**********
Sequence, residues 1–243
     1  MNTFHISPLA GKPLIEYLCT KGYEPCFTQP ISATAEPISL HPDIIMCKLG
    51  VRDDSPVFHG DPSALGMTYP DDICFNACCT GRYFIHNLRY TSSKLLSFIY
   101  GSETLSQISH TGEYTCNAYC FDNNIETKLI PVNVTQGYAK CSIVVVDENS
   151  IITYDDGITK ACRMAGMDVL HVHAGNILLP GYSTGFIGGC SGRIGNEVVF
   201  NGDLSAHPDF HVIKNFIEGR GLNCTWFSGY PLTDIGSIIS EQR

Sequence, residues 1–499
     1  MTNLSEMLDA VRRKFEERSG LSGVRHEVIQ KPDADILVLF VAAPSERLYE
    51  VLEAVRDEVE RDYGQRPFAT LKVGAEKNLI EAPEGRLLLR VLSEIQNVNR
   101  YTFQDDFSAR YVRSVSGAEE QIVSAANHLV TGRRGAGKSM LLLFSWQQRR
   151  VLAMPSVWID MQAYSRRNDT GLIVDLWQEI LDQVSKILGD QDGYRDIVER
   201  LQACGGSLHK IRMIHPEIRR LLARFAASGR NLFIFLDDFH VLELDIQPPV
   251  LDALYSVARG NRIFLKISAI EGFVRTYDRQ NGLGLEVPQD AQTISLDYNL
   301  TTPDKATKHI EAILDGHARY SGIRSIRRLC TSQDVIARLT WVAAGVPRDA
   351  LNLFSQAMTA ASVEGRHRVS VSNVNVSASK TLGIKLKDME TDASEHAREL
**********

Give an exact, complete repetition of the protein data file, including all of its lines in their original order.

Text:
Sequence, residues 1–243
     1  MNTFHISPLA GKPLIEYLCT KGYEPCFTQP ISATAEPISL HPDIIMCKLG
    51  VRDDSPVFHG DPSALGMTYP DDICFNACCT GRYFIHNLRY TSSKLLSFIY
   101  GSETLSQISH TGEYTCNAYC FDNNIETKLI PVNVTQGYAK CSIVVVDENS
   151  IITYDDGITK ACRMAGMDVL HVHAGNILLP GYSTGFIGGC SGRIGNEVVF
   201  NGDLSAHPDF HVIKNFIEGR GLNCTWFSGY PLTDIGSIIS EQR

Sequence, residues 1–499
     1  MTNLSEMLDA VRRKFEERSG LSGVRHEVIQ KPDADILVLF VAAPSERLYE
    51  VLEAVRDEVE RDYGQRPFAT LKVGAEKNLI EAPEGRLLLR VLSEIQNVNR
   101  YTFQDDFSAR YVRSVSGAEE QIVSAANHLV TGRRGAGKSM LLLFSWQQRR
   151  VLAMPSVWID MQAYSRRNDT GLIVDLWQEI LDQVSKILGD QDGYRDIVER
   201  LQACGGSLHK IRMIHPEIRR LLARFAASGR NLFIFLDDFH VLELDIQPPV
   251  LDALYSVARG NRIFLKISAI EGFVRTYDRQ NGLGLEVPQD AQTISLDYNL
   301  TTPDKATKHI EAILDGHARY SGIRSIRRLC TSQDVIARLT WVAAGVPRDA
   351  LNLFSQAMTA ASVEGRHRVS VSNVNVSASK TLGIKLKDME TDASEHAREL